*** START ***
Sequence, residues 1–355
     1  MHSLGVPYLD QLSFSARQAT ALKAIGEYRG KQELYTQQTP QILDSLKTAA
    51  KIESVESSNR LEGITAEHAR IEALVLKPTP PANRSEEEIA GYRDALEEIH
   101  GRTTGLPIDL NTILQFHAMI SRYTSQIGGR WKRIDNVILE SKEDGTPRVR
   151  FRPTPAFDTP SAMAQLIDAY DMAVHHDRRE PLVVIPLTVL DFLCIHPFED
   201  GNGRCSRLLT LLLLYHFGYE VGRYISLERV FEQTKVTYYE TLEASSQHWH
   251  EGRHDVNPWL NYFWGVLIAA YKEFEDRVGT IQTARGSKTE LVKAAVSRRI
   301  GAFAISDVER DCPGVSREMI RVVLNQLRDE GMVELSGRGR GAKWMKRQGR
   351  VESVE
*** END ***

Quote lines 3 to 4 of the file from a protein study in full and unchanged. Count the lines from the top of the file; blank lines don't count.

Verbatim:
    51  KIESVESSNR LEGITAEHAR IEALVLKPTP PANRSEEEIA GYRDALEEIH
   101  GRTTGLPIDL NTILQFHAMI SRYTSQIGGR WKRIDNVILE SKEDGTPRVR